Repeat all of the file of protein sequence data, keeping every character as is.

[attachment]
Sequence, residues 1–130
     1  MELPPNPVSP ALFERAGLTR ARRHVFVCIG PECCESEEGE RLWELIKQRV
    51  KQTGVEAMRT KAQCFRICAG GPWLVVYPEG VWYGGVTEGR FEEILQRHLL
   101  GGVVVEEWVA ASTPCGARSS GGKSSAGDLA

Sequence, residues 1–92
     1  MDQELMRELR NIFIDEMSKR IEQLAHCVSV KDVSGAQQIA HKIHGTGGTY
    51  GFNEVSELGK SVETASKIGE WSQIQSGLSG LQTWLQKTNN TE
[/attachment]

Sequence, residues 1–130
     1  MELPPNPVSP ALFERAGLTR ARRHVFVCIG PECCESEEGE RLWELIKQRV
    51  KQTGVEAMRT KAQCFRICAG GPWLVVYPEG VWYGGVTEGR FEEILQRHLL
   101  GGVVVEEWVA ASTPCGARSS GGKSSAGDLA

Sequence, residues 1–92
     1  MDQELMRELR NIFIDEMSKR IEQLAHCVSV KDVSGAQQIA HKIHGTGGTY
    51  GFNEVSELGK SVETASKIGE WSQIQSGLSG LQTWLQKTNN TE